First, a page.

Me: “What’s so funny about May?”

Informant: “I don’t know! It’s just like, during May? Like ok? Hahahaha. Ok, then during May, there’s like…everyone graduates! So that’s why it’s the most popular season for lei-giving, makers, and like everyone gives each other leis. Like all graduates, all the family members, all the friends. So like we always end up with like ARMFULS, and like leis, and like they’ll go from our neck all the way up to the top of our heads. Like covering our eyes, can’t see anything! Cuz there’s so many leis. So much love. Oh, and nowadays, besides just flower leis, there are candy leis…where people like, basically tie candy together. And then there are finger leis! Which are really easy to make out of yarn. Yup. Oh! And then a lot of people make these really fancy-ass crochet leis. Yeah…they’re really nice. And they’ll make em all in school colors, good times. Oh wait wait wait! Are you still going?”

Me: “Yeah, still going.”

Informant: “Ok, there are also haku leis. Which are, like, smaller more dense versions of a lei. But it’s like for your head. And you put it on your haku, which is your head. And they’re your…and there’s like special versions made by women who are very very…what’s it called? Skilled! At the craft of making haku leis and they’re quite hard. You have to do like flower arrangements, you gotta like weave them in together. And it’s quite, quite arduous work. But it looks very beautiful in the end, and you can always let them dry out, you can keep them. Dried haku leis, or dried leis, and they’re very nice.”

My informant talks about leis, which are essentially garlands that serve as a symbol of love or affection. As she explained, there are many different types of leis, and varying levels of lei construction in terms of difficulty. She does not seem to privilege one form above the other, although she did point out that the special haku leis are usually only made by women who are skilled in that craft. There are also other types of leis which are not covered in this performance, as well as special rituals associated with lei-giving. As she notes, it is typical to keep leis once they have dried out, since these are an expression of love and not to be thrown away. This folk object is particularly interesting because it has a definite presence in the Hawaiian tourist industry today. Many visitors are given (or sold) leis at Hawaiian airports, usually made of brightly colored flowers or plastic flowers. Leis have become a sort of symbol many people associate with Hawaii, and yet they are usually unaware of the full context of this folk object.

“Da Kine”

“The word da kine. Um, I guess it comes from the Hawaiian Pidgin language? Which is like, slang in Hawaii, and like there’s a bunch of different kinds of slang words. And like da kine is just like the most versatile of all those words. You can use it to fill in anything. Like, any kinda noun, like or verb too! So you can be like I want da kine today! That, that would mean like, I want to go do something today. Or, it would be a filler for anything you forget the name of, so like I ate da kine. Oh, da kine girl’s name, like, I forget…hahahaha…Da Kine is also the name of a bag company. They make like backpacks and suitcases and wallets and snowboarding equipment. But I’m not quite sure if that’s Hawaiian…”

My informant talks about a Pidgin term, which is a type of slang spoken by native Hawaiians. Usually, a slang word stands in for another specified word, but ‘da kine’ is interesting in that it can be used to cover any word or phrase in a conversation, and listener treats it as an actual filler word. I also found it interesting when she brought up the bag company, and wasn’t sure whether it was Hawaiian or not. It brings up the question of authenticity, and whether or not this term strictly ‘belongs to’ Pidgin speakers. Is the bag company’s use of this word to sell product inauthentic, or is it a way of spreading Hawaiian culture?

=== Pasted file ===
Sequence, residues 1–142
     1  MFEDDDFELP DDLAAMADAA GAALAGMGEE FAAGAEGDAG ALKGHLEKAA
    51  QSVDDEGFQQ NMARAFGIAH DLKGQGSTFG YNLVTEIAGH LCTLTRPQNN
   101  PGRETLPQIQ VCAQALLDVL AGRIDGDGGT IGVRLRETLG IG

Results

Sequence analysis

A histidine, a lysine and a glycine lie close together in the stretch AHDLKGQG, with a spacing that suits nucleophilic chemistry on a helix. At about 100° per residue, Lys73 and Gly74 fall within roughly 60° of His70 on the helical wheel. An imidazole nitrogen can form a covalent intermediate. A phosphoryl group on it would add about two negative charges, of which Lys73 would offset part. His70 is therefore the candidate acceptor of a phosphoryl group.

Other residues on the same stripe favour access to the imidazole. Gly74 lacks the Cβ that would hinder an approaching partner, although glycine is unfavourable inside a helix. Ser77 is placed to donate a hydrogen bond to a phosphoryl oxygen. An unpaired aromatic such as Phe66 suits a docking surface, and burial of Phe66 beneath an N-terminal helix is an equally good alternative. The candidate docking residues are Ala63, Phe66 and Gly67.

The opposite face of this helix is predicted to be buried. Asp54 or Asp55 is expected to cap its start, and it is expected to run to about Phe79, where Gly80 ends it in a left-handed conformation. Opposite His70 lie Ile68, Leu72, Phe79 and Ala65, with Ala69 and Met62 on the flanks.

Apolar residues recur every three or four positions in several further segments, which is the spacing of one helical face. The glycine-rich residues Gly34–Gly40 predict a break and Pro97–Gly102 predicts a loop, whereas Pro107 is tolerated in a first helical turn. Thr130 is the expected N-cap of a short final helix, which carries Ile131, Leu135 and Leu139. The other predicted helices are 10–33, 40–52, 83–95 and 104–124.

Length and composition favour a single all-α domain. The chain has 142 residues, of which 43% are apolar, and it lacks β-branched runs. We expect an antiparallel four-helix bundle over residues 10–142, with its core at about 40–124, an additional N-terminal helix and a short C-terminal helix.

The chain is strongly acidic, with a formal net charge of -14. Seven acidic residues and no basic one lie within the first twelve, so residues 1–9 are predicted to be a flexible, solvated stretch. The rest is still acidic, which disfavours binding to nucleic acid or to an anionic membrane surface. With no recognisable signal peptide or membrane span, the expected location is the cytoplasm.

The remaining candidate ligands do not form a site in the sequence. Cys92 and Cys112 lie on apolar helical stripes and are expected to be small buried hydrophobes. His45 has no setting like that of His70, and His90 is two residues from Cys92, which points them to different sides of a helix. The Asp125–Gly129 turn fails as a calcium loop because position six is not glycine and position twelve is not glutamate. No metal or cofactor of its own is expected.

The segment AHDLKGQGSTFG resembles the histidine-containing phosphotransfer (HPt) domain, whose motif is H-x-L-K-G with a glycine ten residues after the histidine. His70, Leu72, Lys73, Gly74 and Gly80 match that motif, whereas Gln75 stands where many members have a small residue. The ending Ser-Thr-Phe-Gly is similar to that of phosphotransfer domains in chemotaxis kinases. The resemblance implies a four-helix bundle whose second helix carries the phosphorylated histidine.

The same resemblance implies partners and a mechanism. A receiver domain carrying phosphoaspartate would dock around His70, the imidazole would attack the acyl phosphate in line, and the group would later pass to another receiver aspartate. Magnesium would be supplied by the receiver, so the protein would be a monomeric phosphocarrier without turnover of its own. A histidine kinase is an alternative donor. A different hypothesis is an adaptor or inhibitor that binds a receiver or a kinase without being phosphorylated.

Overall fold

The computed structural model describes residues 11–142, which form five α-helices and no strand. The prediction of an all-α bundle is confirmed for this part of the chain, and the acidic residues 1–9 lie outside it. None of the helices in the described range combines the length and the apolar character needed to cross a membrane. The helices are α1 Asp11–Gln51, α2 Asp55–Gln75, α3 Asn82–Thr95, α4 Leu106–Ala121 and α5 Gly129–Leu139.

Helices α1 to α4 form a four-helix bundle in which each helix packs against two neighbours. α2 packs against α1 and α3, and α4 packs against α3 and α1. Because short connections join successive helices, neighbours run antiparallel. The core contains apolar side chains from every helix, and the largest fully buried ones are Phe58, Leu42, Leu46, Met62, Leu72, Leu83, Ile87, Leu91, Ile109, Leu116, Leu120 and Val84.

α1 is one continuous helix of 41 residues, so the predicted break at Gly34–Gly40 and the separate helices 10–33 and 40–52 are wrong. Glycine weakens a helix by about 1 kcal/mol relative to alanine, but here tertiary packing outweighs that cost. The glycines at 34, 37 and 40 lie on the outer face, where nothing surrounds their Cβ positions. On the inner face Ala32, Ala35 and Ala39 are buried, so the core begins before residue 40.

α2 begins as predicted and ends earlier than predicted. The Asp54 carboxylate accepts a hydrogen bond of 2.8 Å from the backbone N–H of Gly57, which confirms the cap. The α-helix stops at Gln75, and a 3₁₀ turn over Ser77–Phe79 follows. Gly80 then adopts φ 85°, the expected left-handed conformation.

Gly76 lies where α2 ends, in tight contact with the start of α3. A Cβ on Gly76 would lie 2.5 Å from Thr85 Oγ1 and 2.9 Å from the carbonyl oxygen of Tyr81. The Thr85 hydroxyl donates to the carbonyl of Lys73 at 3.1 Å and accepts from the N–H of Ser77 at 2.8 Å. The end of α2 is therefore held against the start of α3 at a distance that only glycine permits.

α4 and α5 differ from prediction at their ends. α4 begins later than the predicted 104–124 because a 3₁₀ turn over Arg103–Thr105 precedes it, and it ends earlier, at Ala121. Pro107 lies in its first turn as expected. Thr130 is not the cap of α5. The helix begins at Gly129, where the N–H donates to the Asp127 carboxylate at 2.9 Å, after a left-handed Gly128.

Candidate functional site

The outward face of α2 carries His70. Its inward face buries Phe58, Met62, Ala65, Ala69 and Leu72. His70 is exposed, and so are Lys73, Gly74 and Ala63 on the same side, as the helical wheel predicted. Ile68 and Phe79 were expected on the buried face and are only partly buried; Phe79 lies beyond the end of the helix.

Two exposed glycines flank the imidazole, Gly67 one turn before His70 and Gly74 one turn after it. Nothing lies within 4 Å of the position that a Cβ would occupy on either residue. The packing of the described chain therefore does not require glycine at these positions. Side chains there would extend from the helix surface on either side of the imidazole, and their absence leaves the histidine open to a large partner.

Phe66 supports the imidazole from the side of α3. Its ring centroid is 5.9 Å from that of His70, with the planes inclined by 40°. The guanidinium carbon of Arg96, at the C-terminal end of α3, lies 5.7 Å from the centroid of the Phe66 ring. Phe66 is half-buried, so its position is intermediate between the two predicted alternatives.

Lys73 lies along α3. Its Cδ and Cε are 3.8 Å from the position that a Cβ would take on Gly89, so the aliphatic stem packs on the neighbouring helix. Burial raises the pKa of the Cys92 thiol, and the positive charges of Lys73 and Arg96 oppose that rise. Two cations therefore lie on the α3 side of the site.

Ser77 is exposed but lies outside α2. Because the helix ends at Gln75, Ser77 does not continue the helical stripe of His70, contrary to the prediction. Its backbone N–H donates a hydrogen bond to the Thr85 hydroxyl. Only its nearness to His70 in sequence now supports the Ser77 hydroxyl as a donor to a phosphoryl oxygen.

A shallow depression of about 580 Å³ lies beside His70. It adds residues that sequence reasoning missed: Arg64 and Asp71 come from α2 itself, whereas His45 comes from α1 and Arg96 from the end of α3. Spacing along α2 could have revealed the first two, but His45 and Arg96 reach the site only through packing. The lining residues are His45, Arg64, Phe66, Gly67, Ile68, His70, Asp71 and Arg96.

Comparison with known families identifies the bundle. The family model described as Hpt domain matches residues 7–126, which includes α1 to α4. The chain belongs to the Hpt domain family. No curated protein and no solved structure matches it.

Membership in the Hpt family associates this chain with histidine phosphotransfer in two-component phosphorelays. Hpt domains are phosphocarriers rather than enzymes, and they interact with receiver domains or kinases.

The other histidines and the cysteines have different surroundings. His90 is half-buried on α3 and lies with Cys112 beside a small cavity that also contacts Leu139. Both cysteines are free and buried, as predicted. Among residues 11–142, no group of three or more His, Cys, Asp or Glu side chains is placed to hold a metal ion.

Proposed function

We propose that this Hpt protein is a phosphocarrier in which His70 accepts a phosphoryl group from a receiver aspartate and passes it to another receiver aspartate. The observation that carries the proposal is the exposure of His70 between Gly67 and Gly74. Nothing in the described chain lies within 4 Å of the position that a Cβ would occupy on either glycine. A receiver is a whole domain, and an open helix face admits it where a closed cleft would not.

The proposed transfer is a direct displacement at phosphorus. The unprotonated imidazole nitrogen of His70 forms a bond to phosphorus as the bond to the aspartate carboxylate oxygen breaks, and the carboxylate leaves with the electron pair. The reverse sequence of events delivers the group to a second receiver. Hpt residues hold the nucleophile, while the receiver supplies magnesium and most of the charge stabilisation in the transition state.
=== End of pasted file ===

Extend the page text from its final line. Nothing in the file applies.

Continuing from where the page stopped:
The Makahiki Festival

“Ok, so there’s a Hawaiian tradition of celebrating Makahiki, which is, um, like kind of like a lunar festival but not quite. But it’s like celebrating a god named Lono, he was like a war god so they always had like war-related games during his festival. And usually the festival took place in like March, and I remember my high school would celebrate it, because during like third grade, we would learn a lot about the Hawaiian culture. And at the beginning of the festival there would always be a march, and like a call? It’s called like a chant, it’s like a … I don’t remember how the chant went, but I remember we used to have to chant it. And it was quite lengthy. But it like, after you chanted it, you would really feel like the spiritualness of it. And basically they’d have a little march, and the leader would blow a conch shell, which is like a big…cone shell, and it makes a horn kinda noise…hahahaha…and …hahahahahahaha…and anyways, so like and everyone would wear these white, um, like pieces of kapa, kinda like a Greek tunic, but it would be made out of Hawaiian materials. And we would all walk from the classrooms to the field where they would have this really elaborate setup. And there’d be like a giant field like kinda marked off with like coconut rope. And they way they’d make that is that like they get these like coconuts and they husk them, and then they braid together the ropes. And it’s quite, like, laborous, labor-intensive. And then they have like these special stones that mark like the corners or the, like the entrance, and you have to do…this like special, special ritual with the native Hawaiians, before you can enter into this sacred space for Makahiki. And you have to like press your forehead, touch foreheads, and you have to like take a breath together. Yeahhh… I remember in third grade it was kind of awkward, but like that’s what you had to do, so ok! You just did it! And then they would give you little pieces of sweet potato, and you’d just eat it. And you’d go inside and they’d have little games set up, and like there’d be spear throwing, so you’d actually get to throw like a wooden spear. Like it would be kinda duller, but you threw it into like a banana stalk. And then like, if you got it in, then you’d be like AW YEAH! And…hahahahahaha…hahahahaha…hahahaha…and then there were other games, like this kinda like rock bowling. Like all these things have special Hawaiian names, but like I don’t remember what they’re called but. So basically, you just kinda roll like this puck-shaped stone between these two sticks, and you have a partner, and then like each time the distance just like grows. And you get really good at throwing rocks…hahahahaha. And then there was like, a bunch of foot races and like wrestling, like various kinds of wrestling. Because like Lono was the war god, so we did a lot of…kind of like…wrestling, warlike, military…like not quite military, but you know. Fighting-ish kind of games. Yeah, and it was fun. Celebrated every year.”